Tuesday 24 October 2017

Wicklow hope daunting home venue can claim another Ulster victim as Armagh make scenic trek over mountains

Colm Keys

Colm Keys

When the Irish International Rules selectors met up in a Dublin hotel late on Saturday night, Kevin O'Brien had some gentle ribbing for the Armagh strength and conditioning coach Mike McGurn, who performs the same role with Ireland.

Still smarting from Armagh's inability to close the deal against a Division 4 side, McGurn was offered a special welcoming reception by Wicklow's most famous football son for the return trip seven days later to arguably the most rural GAA ground in the country.

"I offered to meet Mike in Baltinglass and take him over the narrow winding road. I told him we'd put up the 'welcome to hell' signs," joked O'Brien.

It may not exactly amount to a trip to Galatasaray or Fenerbahce but Aughrim, nestled deep in picturesque south Wicklow at the confluence of several mountain valleys, does have its own sense of foreboding for travelling GAA teams. Perhaps sharing a name with a famous Irish battle adds something to the intrigue.

It is where a Wicklow senior football team can come alive on championship afternoons and evenings.

unique

Aughrim is perhaps unique in that it is a county ground that is not situated in one of the bigger towns in Wicklow. Only Clones, Monaghan's main pitch, could be comparable. All the other counties have their main ground in a centre of population.

Away from the main towns along the eastern sea board and the necklace of smaller towns to the west of the mountains closer to Kildare and Carlow, it has been home to Wicklow GAA since the 1930s when a local business family let the land for a nominal fee. For Wicklow it was the best bet at the time.

There were speculative moves to centralise a venue at a more convenient location to the main artery running through the county during better economic times, but it's to Aughrim that Wicklow GAA has stayed loyal.

It is where, if he ever gets to compile a final audit of a magnificent career, Mick O'Dwyer will surely detail some of his finest moments in management.

"You know I've never lost a championship match as a manager in Aughrim," beamed O'Dwyer after Wicklow's shock draw with Armagh in Morgan Athletic Grounds last Saturday night.

The loss of James Stafford, their towering presence for so much of that match, will dampen the soaring belief that such a record can be preserved.

But the myth of Aughrim will be inescapable for the Armagh team and supporters when they turn off the N11 and begin the winding ascent over the edge of the mountains to the venue where three of their provincial counterparts ran aground in 2009 -- including Down, who contested an All-Ireland final just 14 months later.

It is the equivalent to how club and county teams felt about going to Crossmaglen for games in the past. A win was always possible but was made a bit harder because of the myth.

"Let's not be mistaken, we've lost championship games there in the past but we like to use it to our advantage. We have a very good record there," says O'Brien, who was just 19 when the myth of Aughrim really grew legs and ran.

That was of course the GAA's very own 'Battle of Aughrim', the infamous 1986 Leinster championship clash between the hosts and the reigning league champions Laois.

Only five weeks earlier Laois had beaten Monaghan in that league final and to warm up for Aughrim they trimmed the reigning All-Ireland champions Kerry in a challenge to inaugurate O'Moore Park. Aughrim then would be a mere tick in a box for them.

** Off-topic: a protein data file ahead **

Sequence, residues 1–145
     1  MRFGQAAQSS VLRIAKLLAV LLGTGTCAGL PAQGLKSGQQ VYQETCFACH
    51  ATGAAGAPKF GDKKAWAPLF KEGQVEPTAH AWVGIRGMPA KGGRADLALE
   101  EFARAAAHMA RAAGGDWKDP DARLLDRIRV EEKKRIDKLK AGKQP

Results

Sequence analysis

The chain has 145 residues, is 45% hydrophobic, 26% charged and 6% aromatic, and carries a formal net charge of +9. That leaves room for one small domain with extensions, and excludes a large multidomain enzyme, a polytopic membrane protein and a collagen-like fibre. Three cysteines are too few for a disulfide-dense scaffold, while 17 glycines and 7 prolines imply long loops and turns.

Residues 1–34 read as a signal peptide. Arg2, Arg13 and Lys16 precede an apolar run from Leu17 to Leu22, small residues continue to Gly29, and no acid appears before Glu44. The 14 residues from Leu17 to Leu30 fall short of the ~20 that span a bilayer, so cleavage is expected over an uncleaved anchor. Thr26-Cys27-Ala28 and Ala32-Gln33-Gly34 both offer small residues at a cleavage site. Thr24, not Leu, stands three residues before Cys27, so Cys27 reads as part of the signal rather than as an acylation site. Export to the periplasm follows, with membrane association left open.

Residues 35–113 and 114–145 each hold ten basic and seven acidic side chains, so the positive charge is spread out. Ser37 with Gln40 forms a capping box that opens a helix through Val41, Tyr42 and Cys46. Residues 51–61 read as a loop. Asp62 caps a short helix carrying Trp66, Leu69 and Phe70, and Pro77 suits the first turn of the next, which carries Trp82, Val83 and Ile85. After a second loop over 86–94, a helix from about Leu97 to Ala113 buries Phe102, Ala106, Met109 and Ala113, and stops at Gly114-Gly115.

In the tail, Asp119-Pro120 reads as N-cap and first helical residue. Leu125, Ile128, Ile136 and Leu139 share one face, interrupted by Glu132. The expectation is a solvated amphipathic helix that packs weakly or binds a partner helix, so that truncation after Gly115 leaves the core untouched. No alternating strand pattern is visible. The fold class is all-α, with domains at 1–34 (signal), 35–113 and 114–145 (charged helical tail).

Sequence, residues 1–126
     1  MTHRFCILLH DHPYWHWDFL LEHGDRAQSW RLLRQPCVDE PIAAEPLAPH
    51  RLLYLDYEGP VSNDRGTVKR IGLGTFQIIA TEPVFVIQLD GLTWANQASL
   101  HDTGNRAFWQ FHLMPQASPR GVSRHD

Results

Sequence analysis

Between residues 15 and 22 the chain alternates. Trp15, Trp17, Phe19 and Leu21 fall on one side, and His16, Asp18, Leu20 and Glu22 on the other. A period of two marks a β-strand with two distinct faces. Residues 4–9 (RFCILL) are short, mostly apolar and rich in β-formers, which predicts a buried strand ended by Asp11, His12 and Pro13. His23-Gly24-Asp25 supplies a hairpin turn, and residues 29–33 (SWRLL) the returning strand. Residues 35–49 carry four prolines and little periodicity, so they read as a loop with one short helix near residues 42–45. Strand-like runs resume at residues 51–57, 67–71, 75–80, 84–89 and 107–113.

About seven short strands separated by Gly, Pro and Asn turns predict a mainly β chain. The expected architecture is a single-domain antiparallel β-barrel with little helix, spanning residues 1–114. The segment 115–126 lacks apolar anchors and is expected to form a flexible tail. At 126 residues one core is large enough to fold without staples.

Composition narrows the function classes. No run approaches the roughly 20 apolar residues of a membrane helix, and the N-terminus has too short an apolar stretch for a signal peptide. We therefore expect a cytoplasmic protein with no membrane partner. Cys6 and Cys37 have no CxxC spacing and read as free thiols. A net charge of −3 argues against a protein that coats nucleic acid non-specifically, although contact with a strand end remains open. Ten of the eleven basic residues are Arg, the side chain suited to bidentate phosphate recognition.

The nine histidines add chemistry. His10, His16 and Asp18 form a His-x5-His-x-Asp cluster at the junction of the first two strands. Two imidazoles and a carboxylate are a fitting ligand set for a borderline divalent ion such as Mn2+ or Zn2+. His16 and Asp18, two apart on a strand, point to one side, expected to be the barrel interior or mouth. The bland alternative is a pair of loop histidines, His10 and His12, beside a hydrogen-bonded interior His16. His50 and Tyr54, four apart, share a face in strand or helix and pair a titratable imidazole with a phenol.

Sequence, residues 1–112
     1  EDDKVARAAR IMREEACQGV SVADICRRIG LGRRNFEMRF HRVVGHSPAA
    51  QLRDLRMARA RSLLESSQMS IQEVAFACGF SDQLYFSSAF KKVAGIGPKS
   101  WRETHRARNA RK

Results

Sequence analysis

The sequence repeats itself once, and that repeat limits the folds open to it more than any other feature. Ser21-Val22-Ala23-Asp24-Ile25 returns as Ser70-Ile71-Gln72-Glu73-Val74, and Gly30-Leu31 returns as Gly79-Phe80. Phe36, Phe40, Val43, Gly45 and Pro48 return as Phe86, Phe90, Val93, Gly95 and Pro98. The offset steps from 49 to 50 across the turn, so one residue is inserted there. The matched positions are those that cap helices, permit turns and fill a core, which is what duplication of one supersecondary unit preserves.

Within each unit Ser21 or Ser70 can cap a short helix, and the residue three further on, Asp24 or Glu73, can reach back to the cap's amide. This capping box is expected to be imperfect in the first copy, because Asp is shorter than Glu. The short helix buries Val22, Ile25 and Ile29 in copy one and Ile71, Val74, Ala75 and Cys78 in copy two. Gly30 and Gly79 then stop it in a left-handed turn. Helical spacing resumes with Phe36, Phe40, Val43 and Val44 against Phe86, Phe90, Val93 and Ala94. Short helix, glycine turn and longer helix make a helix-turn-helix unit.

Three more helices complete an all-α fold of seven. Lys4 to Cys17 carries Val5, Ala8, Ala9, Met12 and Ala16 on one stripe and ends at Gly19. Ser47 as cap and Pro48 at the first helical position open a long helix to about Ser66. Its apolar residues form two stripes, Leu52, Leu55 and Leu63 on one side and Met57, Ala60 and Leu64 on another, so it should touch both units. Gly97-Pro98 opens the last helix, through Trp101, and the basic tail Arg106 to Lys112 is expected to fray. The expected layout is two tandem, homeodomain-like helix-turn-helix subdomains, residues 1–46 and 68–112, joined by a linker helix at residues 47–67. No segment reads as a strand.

Over 12,000 rolled into the town on that hot June Sunday afternoon and the atmosphere was raucous.

There was no perimeter fencing in Aughrim in those days, precious little health and safety regulations and the crowd were stacked up around the sidelines and on the banks around the ground within easy access of the pitch. A Laois request for a change of venue was refused by Leinster Council.

Twenty five years on O'Brien still remembers the atmosphere vividly, even before he got to the ground.

"We were getting rubbed down in the 'cattleyard' which was beside the local hotel. The crowd around it was incredible. There was a real atmosphere in the ground. Wicklow had a strong team at the time, men like Pat O'Byrne, and playing on a tight pitch suited us."

By the end of the match Laois had lost by four points and not one of their six starting forwards remained on the field. Three were sent off, one was carried off and two more were taken off!

One of the local Laois newspapers subsequently ran a headline that their team had been "provoked, barracked and finally beaten in the simmering cauldron of Aughrim."

Contrary to popular perception it wasn't really a bloodbath, according to O'Brien.

"It was more the atmosphere really. Both sides had a player each (Willie Brennan of Laois and Nick O'Neill of Wicklow) sent off early on but I didn't remember it as a particularly dirty game. I knew a lot of those Laois players from playing Railway Cup with them," he recalls.

O'Brien has enjoyed many other great days at the venue. There was a league win over Cork and an 1990 All-Ireland club semi-final win over a Castlehaven team powered by Larry Tompkins and Niall Cahalane to savour on their way to an All-Ireland title.

In 2001 Galway won there on their way to their last All-Ireland title but eight years later O'Dwyer oversaw a trilogy of qualifier victories on successive Saturdays over Ulster opposition.

First Fermanagh, then Cavan and finally Down were put the sword and sent back across the winding roads with nothing but the scenery to cheer them. This year Sligo endured the same fate.

Maybe Aughrim is a little bit of a myth. But for now Wicklow and the rest of the GAA world are happy to peddle it.

Irish Independent

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